XML (Extensible Markup Language) may have risen to fame on the crest of a wave of Internet hype, but, according to Imam Hoque, head of technology at e-consultancy Rubus, the industry can expect to see it become more mainstream in 2002.
Beyond the arguments about XML's role in setting the standard for B2B e-business projects, Hoque says XML gives us the means to approach projects with a whole new way of thinking. "And what makes it really exciting is that XML has already begun to deliver real results, not just technology promises," he says.
Hoque says that, to get the most out of XML in 2002, astute IT professionals will no longer view XML as just a Web thing, but will begin to use it as a key four-in-one tool for all IT projects. He lists the four uses as:
- XML for data repositories
Do not assume that data needs to be stored in a relational format. For every project you should take a look at using XML. It could make your applications considerably more flexible, future-proof them and save you time.
No longer do you have to be restricted by relational models, normalisation, hideous change control and the lack of a meaningful data structure. Documents will be treated as documents, and XML repositories will become as ubiquitous as relational databases.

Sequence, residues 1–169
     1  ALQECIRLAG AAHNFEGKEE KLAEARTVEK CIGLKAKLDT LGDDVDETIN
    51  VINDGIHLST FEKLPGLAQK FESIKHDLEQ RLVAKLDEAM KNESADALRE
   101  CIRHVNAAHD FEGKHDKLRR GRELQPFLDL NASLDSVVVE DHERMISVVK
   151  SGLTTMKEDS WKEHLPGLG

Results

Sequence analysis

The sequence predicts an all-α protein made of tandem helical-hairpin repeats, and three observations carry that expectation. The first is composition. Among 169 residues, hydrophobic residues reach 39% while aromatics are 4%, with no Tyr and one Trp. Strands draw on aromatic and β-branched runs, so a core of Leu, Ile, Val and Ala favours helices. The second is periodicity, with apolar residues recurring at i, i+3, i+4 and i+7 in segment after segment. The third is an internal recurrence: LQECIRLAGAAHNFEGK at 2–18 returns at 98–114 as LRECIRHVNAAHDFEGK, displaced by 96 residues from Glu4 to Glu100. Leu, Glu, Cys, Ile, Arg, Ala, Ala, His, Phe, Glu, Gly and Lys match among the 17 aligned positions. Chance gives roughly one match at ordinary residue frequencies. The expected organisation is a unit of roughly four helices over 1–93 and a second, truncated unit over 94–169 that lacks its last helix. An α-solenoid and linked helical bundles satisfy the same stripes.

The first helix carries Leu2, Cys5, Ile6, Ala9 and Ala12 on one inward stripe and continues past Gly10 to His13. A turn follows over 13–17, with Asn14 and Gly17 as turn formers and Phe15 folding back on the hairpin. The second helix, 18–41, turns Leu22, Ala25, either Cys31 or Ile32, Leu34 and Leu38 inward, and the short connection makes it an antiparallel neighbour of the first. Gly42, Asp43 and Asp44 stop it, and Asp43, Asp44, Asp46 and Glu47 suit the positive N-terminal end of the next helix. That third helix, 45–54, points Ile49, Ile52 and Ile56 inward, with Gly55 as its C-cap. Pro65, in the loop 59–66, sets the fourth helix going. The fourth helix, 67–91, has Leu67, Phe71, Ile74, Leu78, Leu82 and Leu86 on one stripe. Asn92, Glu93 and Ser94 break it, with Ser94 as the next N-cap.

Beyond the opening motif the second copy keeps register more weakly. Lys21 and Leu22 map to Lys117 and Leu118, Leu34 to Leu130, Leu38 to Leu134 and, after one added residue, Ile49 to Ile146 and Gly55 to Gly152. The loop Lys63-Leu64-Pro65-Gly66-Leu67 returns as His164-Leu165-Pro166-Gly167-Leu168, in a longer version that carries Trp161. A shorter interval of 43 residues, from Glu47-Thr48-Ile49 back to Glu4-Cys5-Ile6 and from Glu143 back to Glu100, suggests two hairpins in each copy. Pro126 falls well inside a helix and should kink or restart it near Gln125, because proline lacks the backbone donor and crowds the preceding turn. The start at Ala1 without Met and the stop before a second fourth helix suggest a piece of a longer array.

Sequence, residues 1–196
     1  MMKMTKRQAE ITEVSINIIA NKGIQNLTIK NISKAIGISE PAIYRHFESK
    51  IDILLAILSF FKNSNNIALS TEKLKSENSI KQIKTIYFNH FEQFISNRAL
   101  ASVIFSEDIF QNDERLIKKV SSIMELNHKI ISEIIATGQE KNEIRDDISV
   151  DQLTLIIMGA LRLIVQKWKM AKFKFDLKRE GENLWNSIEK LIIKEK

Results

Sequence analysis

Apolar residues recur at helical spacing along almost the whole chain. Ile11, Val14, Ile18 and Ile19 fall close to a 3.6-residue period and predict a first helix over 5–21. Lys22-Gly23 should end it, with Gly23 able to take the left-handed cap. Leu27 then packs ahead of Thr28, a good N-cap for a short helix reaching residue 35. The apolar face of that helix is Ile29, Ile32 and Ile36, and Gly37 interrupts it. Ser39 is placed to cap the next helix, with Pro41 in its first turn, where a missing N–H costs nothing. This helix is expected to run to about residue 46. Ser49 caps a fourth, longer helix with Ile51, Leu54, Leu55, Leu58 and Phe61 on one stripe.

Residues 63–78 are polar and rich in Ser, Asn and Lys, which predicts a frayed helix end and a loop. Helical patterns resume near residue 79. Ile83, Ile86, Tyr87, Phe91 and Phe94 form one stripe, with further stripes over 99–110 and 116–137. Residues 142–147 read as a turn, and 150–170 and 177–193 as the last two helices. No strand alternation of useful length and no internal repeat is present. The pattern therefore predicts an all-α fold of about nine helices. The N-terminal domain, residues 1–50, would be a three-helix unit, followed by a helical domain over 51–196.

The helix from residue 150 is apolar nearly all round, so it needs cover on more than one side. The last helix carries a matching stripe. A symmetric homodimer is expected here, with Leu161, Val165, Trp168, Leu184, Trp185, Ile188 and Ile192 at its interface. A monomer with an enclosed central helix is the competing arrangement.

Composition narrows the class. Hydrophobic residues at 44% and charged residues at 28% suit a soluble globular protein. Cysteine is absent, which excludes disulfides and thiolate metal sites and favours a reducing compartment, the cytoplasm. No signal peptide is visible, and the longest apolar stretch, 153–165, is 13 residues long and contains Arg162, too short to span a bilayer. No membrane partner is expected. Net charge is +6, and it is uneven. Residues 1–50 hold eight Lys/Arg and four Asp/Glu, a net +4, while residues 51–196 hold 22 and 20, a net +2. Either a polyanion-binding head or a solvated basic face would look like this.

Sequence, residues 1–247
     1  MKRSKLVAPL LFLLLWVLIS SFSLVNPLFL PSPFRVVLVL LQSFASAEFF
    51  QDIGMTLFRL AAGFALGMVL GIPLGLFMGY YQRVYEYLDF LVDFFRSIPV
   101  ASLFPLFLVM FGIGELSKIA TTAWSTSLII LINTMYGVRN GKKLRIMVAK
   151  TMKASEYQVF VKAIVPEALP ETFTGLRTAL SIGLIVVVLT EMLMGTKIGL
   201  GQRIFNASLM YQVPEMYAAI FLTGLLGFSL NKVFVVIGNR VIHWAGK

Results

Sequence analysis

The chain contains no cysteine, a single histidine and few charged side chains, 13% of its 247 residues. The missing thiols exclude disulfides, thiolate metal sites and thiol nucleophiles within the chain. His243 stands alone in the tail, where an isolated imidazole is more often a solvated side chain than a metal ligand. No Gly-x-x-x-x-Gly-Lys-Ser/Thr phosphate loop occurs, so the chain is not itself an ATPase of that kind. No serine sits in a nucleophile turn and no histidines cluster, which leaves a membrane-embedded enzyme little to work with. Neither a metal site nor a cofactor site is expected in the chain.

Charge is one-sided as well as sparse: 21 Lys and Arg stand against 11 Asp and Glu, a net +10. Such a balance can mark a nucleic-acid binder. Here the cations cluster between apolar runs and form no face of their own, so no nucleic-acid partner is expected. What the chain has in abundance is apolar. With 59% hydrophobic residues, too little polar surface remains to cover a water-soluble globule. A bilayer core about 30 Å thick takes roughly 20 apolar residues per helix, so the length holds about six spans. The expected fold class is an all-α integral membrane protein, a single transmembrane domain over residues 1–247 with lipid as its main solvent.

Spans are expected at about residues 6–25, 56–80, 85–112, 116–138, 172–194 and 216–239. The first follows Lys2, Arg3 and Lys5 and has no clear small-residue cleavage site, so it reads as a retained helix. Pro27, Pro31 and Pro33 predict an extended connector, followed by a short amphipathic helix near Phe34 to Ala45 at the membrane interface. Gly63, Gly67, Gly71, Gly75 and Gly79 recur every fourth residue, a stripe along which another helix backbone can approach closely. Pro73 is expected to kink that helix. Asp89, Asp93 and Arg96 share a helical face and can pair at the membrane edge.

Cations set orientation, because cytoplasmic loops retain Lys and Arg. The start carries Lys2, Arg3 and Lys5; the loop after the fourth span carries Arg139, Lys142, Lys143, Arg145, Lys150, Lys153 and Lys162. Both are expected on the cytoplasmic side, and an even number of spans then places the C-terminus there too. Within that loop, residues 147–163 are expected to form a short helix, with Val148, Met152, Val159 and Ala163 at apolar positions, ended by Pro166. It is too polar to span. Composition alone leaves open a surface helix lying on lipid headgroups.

- XML for multi-channel content management
XML is the ideal format for storing documents, content or document fragments because channel-independent formatting tags can be included. It can easily be repurposed, through the use of style sheets, for any output format, whether it be print, PDF, RTF, Web, e-mail or mobile.
- XML for B2B
XML has become the de-facto standard for data transfer, but what makes it particularly powerful is its ability to transform from one format to another easily. So, while the standards bodies bicker over who owns the schemas for a particular industry, there is no need to worry, if you are using XML.
For 2002, generic B2B gateways that support key transport protocols such as EBXML, Rossettanet or Biztalk will all be able to use XML transformations to handle any schemas that your partners may adopt. At last, a one-size-fits-all solution.
- XML for middleware
You should not assume that XML stops at B2B. With the advent of Web services, middleware has become a continuum from extremely tightly coupled transactional solutions, through message-oriented middleware and on to the very loosely coupled B2B solutions. But, at the end of the day, it should not matter which mechanism you choose, the data format should be the same: XML.
There are now code libraries for just about every platform to make it easy for a developer to pick up the incoming packet of data and write code to process it, without having to worry about the code breaking if the data message formats are changed - instant future-proofing.
Hoque says it is because of this four-in-one ability that XML will continue to grow in importance and be seen as the bedrock for all IT projects. The crux of this lies in its self-describing structure, which can reflect the nature of a company's data better than the normalised relational database model. Data formats can be changed without having to rewrite code, and can contain rules to tell the recipient just how to process it.
"This opens up the ability to change business functionality by changing data, rather than code," explains Hoque.
This was first published in January 2002